The addition of a new drug, tucatinib, to capecitabine and trastuzumab (Herceptin) significantly improved progression-free survival and overall survival in patients with HER2 positive breast cancer, with or without brain metastasis.
The trial results presented at SABCS showed the treatment combination reduced the risk of death by 46% compared with trastuzumab and capecitabine alone. The results also showed prolonged overall survival with tucatinib, reducing the risk of death by 34% and extending the time that patients were alive with cancer under control. Patients with brain metastases also benefited: after 1 year, 25% of those patients were alive and progression-free, compared to 0% of the patients on standard care. More patients in the tucatinib group experienced cancer shrinkage at 41% compared with 23% in the trastuzumab and capecitabine group.
Circulating Tumour DNA and Circulating Tumour Cells Could Predict Breast Cancer Recurrence in Patients with Early-Stage Triple-Negative Breast Cancer
Circulating tumour DNA (ctDNA) in the blood is a predictor of breast cancer returning in patients with early-stage triple negative breast cancer treated with surgery following neoadjuvant chemotherapy, according to research presented at SABCS. Results from a phase II study show patients with ctDNA were three times as likely to have a metastatic breast cancer recurrence, compared to those without ctDNA. This shows that ctDNA could become an important tool to be able to predict breast cancer recurrence and help researchers to identify ways to best manage the disease. While it is important to understand prognosis, the next step is to find out how that knowledge can be used to improve the outcomes of those patients who have an adverse prognosis.
Breast Cancer Trials is opening a new study in 2020 called CAPTURE, investigating ctDNA to predict benefit from a targeted breast cancer treatment. CAPTURE will be the first clinical trial to assess the role of circulating tumour DNA testing to improve outcomes for women with metastatic breast cancer.
Study Shows Early Breast Cancer Patients Could Safely Receive Less Invasive Breast Irradiation
A ten-year follow up study of patients with breast cancer who had been treated with accelerated partial breast irradiation after surgery, showed their results were similar to that of patients who received whole breast irradiation.
These results suggest radiotherapy to just part of the breast, rather than the whole breast as is usually done, may be an acceptable option for selected low-risk patients with early breast cancer.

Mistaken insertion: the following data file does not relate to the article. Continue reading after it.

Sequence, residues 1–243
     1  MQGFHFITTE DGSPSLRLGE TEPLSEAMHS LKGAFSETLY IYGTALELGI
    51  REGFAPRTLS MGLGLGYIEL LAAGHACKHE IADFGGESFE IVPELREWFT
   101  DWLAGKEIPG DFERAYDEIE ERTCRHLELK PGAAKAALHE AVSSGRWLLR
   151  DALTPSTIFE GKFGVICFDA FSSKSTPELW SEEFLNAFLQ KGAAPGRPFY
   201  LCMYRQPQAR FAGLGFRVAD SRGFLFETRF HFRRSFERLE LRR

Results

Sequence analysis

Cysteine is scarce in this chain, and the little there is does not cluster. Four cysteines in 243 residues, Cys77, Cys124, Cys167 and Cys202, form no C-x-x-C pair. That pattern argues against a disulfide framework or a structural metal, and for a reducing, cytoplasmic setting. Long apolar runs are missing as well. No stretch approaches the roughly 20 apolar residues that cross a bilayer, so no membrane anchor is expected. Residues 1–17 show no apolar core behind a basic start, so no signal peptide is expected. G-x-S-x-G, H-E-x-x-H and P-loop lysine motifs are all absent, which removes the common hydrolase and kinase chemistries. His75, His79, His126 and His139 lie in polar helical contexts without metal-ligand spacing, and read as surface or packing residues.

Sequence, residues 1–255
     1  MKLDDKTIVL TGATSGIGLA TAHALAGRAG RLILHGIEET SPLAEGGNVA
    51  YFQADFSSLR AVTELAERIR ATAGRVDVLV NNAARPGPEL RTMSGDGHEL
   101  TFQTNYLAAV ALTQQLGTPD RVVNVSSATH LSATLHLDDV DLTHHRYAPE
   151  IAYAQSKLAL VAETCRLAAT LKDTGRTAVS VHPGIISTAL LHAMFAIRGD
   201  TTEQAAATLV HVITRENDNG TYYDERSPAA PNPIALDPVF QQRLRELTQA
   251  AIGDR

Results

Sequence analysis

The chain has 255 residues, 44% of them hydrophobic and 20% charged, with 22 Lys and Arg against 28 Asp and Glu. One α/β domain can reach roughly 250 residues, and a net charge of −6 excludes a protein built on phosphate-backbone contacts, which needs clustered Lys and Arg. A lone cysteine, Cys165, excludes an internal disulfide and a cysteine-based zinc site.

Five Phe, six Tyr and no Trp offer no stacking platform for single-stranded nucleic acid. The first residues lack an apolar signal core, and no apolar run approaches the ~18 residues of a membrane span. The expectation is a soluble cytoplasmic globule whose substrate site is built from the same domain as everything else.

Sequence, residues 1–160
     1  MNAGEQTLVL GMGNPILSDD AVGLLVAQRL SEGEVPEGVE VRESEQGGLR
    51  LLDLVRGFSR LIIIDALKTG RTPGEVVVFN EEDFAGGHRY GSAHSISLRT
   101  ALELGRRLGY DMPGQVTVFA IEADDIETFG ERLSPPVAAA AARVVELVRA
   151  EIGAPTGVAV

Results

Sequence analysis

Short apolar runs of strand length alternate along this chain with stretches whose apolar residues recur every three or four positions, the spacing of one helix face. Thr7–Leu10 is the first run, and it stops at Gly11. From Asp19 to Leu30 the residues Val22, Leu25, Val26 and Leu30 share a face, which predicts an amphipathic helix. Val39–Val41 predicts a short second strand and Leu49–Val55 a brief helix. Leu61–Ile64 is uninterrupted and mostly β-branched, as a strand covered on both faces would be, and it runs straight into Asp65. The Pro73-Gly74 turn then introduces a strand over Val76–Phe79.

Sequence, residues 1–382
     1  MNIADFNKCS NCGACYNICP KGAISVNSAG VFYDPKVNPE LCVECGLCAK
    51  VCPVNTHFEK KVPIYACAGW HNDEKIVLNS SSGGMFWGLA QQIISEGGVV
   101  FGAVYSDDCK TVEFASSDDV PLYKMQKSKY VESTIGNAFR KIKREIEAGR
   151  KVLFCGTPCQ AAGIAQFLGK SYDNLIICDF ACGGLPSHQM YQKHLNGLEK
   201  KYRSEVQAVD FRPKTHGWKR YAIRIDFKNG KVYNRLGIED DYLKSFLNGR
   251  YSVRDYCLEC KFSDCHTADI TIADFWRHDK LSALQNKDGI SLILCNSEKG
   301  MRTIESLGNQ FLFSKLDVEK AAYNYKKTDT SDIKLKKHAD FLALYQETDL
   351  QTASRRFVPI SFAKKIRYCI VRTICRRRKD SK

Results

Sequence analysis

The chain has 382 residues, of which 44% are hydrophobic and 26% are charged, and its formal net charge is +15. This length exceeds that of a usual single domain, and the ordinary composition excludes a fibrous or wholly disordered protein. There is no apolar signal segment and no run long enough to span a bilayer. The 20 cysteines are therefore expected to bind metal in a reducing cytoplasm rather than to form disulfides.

You can learn more about de-escalating breast irradiation and why these kinds of clinical trials are important here.
Estrogen Alone and Estrogen Plus Progestin have Opposite Effects on Breast Cancer Incidence in Postmenopausal Women
A study investigating the long-term influence of estrogen plus progestin compared with estrogen alone on breast cancer rates in postmenopausal women found that different types of hormone replacement therapies had opposite effects on breast cancer incidence.
Estrogen alone significantly decreased breast cancer incidence by 23%, and the effect is long lasting, persisting over a decade after stopping use. This can only be used by women who have had a hysterectomy due to the adverse effects on the uterus. On the other hand, estrogen plus progestin use significantly increased breast cancer incidence by 29% with the effect also long lasting, continuing for over ten years after stopping use.
CORALLEEN Study Finds Patients with High-Risk Luminal B Breast Cancer Could Have Alternate Treatment with less Toxicity
The CORALLEEN phase II clinical trial investigated the efficacy of ribociclib/letrozole vs multiagent chemotherapy as neoadjuvant therapy in 106 patients with high risk luminal B stage I-III breast cancer.
The results of the surgical samples from patients showed that neoadjuvant treatment with a combination of ribociclib and letrozole has similar clinical benefits as standard chemotherapy, but with less side effects.
More clinical trials research is needed, but researchers believe it is a combination worth exploring for patients in this group. Long term disease-free and overall survival data are needed from a larger number of patients before this type of treatment can be considered to be a valid treatment option.